This is not your definitive treatise on recovery of damages for breaches of construction contracts in the private sector. That is for another day and for other authors to explore further than has been studied. Here, we address those contractors who also deal in the public sector and are concerned about sufficient recovery in the event of changes and how to make contracts attractively profitable. Stated another way, some contractors are wary of or even leaving the public sector based on their perception of stringent restrictions on the recovery of damages if things go wrong. They may primarily be concerned about the effects of inflation and what to do about it because much has been written about how there are no clauses in public contracts that protect contractors from inflation. And that is correct except for limited assistance by the DOD.
In private contracting, damages fall roughly into three categories: direct, incidental, and consequential.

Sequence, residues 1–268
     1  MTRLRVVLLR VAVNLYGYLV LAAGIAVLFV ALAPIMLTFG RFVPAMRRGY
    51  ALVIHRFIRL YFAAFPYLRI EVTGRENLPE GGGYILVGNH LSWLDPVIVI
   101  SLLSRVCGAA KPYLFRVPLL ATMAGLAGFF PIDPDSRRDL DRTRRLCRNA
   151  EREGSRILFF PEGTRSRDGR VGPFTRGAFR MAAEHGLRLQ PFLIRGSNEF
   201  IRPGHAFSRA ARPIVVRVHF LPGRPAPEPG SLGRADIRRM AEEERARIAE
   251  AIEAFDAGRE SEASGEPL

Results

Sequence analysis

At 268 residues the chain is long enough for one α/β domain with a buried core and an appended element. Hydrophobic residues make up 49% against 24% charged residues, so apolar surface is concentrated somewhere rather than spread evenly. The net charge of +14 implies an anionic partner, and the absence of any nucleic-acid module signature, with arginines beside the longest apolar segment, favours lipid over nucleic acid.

In public contracting, damage calculations are made in the context of the changes clause, which provides an equitable adjustment. That concept was articulated in Bruce to mean that the contractor should be made whole. The idea of making the contractor whole has been the basis for the development of the law on the meaning of equitable adjustment. Traditionally, equitable adjustment includes the direct cost of performing change, the indirect associated costs, and the profit on those costs. It is important to note that actual costs are required, although estimates are permitted. In addition, the direct and incidental costs associated with the change are included in an equitable adjustment. However, the changes clause itself contemplates the recognition of consequential damages. The requirement to make the contractor whole is embodied in the notion that the change may affect the original work.